THE carnage and death on Hunter roads would be a catalyst for a royal commission if it occurred in any other industry, a senior cop says.
Hunter highway patrol cluster supervisor Senior Sergeant Tony Grace hit back at those who criticise traffic police as “revenue raising” after deaths and injuries marred the Christmas weekend.
“More than 40 people have lost their lives in the Hunter [in 2016],” he said.
“If that happened in any other industry there would be calls for a royal commission.
“We’re not forcing people to do the wrong thing then jumping on them … we’re just about road safety.”
The festive weekend proved to be a nightmare for NSW police with 20 people injured in 47 major car crashes across the state.
There have been 375 fatalaties on the state’s roads this year, including six since Operation Safe Arrival began on December 16.
It includes the death of a woman, 76, died after her sedan left the Golden Highway at Merriwa, near Scone, about 3.30pm on Christmas Eve.
A young man was also killed in a single-vehicle crash near Taree before dawn on Tuesday.
A neighbour reported hearing the crash at Marlee, north-west of Taree, about 3am.
The only occupant of the car, a 26-year-old man from Taree, was found dead inside his utility.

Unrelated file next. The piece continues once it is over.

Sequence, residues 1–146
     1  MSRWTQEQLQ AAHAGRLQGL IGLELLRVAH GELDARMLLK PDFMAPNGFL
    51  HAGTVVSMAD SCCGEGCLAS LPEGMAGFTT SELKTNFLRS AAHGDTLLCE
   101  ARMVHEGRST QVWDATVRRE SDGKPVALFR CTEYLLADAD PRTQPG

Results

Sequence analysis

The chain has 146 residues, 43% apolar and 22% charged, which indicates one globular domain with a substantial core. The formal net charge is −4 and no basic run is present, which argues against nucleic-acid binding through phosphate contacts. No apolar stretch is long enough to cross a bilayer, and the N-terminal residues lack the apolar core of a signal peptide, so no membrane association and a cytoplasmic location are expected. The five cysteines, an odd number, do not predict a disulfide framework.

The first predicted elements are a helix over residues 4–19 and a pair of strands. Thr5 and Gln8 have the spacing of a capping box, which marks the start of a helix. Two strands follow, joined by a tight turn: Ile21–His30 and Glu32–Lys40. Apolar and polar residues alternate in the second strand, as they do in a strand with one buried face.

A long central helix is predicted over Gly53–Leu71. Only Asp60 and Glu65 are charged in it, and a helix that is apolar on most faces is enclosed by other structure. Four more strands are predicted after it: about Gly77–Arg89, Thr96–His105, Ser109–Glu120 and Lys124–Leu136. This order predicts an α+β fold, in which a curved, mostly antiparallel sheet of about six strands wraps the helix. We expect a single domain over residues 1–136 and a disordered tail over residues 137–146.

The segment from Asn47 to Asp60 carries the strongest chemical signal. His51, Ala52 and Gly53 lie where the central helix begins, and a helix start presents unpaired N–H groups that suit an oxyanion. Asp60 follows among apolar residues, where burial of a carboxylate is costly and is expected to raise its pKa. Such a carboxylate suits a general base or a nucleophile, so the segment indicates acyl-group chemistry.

On Christmas Day, a man suffered critical injuries after his vehicle hit a power pole near Lemon Tree Passage at Port Stephens.
The 52-year-old was trapped for a short time before being airlifted to John Hunter Hospital for emergency treatment.
And on Boxing Day, emergency services were called to a shopping centre in Salamander Bay at around 3.20pm, where a 76-year-old was man trapped under a car.
It is understood the man was dragged for a short distance after being struck by a reversing vehicle.
He was released and flown to John Hunter Hospital in a stable condition.
Officers searched the vehicle and allegedly found the drug ice. The driver was arrested and investigations are continuing.
Senior Sergeant Tony Grace said police pulled over nine drunk drivers in the Central Hunter local area command alone.
“It’s the same number as this time last year,” he said. “But the [blood alcohol readings] are higher. There’s just no excuse.”